Defending Your Church Congregation Against an Active Threat
After the mass murder of over two dozen members of First Baptist Church of Sutherland Springs, Texas, many churches are asking hard questions about how well prepared they are to face an active shooter. In this country, at least, people have not typically considered church as a place where their physical safety can be threatened. As people are reconsidering (or considering for the first time) the potential for violence to encroach on their church's worship service, many are unsure of where to go for resources. Two companies are working together to help churches prepare to ensure the safety of their members and visitors.
Writing for the Christian Post, Thom Rainer offers seven tips for churches to prepare for an active shooter. Tip #2 is "Have a Church Security Plan." Rainer encourages, "This plan should include all issues of security, from active shooters to child abuse. Local law enforcement is almost always very willing to work with churches and make recommendations."
Stepping into the gap to help churches develop a security plan, GuideStone Financial Resources and Brotherhood Mutual Insurance Company have put together a website with helpful resources as well as security seminars for churches.
In a video posted on the front page of the website, Jeff Laster, an associate pastor of Wedgewood Baptist Church recounts the day a shooter walked into the Wednesday evening service on September 15, 1999. Laster admits to "total unpreparedness. No escape plan. [Nothing] in place, as far as how to react to it. Who should do what? Who should take the lead role?"
After providing some brief insight into how to protect a congregation while also fostering a spirit of welcome for all, Laster asks, "What is the value of safety?" He answers, "From Wedgewood's perspective, you can't put a price on that."
The GuideStone website offers a series of downloads to help churches prepare. To be clear, the free resources, while useful in and of themselves, are ads for a book and a seminar. As the Bible makes clear, a workman is worthy of his hire, and GuideStone is offering a needed resource. It's up to individual pastors and churches to decide if this particular company's resources are worth paying for.
Even if churches choose not to pay GuideStone for further resources, the website provides helpful tips and tools for churches to begin thinking through the issue of church safety. Opening up "Create a Plan," GuideStone offers this advice -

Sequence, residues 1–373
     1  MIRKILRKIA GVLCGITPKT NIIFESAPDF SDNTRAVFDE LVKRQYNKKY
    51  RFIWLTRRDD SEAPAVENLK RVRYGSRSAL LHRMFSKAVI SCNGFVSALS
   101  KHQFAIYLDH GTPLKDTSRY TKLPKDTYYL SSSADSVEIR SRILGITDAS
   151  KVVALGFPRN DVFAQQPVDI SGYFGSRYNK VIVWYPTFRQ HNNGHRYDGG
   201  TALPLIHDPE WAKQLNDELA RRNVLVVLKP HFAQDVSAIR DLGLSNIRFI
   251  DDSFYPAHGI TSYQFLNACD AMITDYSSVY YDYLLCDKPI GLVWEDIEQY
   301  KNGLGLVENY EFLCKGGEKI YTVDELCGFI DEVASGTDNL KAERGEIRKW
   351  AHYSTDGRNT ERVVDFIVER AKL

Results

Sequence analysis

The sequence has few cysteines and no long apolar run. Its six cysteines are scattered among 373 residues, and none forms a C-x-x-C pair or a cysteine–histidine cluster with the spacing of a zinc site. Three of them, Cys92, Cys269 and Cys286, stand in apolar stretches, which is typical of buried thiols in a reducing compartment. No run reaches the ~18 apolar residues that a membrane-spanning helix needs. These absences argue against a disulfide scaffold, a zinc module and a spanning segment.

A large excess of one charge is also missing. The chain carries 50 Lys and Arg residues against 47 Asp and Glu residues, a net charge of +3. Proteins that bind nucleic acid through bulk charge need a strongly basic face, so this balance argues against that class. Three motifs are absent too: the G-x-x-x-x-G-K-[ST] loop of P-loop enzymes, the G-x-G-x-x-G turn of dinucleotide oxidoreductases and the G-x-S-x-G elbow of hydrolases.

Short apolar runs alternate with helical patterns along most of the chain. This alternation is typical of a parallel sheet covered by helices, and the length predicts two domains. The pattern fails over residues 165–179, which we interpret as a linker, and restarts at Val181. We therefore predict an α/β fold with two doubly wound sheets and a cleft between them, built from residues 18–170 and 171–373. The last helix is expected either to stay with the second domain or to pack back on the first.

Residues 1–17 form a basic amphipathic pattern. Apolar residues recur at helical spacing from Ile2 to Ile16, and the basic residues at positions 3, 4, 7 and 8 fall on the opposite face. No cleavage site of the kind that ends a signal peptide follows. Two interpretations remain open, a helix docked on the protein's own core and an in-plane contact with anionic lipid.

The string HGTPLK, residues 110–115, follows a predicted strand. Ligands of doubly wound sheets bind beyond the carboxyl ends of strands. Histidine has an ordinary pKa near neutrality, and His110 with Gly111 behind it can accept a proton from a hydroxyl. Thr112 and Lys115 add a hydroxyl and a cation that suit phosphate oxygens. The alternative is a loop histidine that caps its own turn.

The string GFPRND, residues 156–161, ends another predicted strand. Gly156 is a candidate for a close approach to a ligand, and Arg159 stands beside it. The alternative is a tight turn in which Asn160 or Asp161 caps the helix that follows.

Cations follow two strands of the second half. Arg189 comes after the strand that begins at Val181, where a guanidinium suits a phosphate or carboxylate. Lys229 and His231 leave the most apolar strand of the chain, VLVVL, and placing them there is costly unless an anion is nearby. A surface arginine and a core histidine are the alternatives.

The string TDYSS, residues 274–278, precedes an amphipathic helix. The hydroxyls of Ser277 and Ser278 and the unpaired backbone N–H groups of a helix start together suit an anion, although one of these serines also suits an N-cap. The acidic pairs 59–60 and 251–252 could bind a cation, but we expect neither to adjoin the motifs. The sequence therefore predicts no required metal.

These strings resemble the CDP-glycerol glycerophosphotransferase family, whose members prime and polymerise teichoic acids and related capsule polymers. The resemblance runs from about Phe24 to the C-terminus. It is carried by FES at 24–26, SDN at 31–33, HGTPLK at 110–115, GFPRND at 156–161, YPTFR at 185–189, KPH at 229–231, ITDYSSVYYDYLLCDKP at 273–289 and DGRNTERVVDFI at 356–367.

Securing and protecting your church should be treated like one of your ministries. It should have clear goals, dedicated resources and the support of your leadership. Brotherhood Mutual’s The Church Safety & Security Guidebook offers step-by-step instructions on creating a church safety and security team and plan with a ministry focus. According to the guidebook, ministries should perform a thorough safety and security assessment, looking at property, people, programs, procedures and prevention (crime). Results from your assessment should then guide a comprehensive plan that can help your ministry prevent, prepare, respond and recover in the face of emergencies, threats or disasters.
The free download has a series of questions designed to help church leadership determine how prepared their church is to ensure the safety of those in attendance. A sample of the questions include: "Have we considered a wide range of threats to our ministry?" "Do we regularly communicate with law enforcement, first responders, and medical professionals about our plan?" and "Do we communicate regularly with the congregation regarding our plan, so they are prepared to respond appropriately in a variety of situations?"
Different churches are going to come to different conclusions about how best to provide physical safety while not undermining their main mission to praise and worship God. GuideStone's resources are an option that is worth considering as pastors pray and think through how best to care for and protect the flock God has entrusted them with.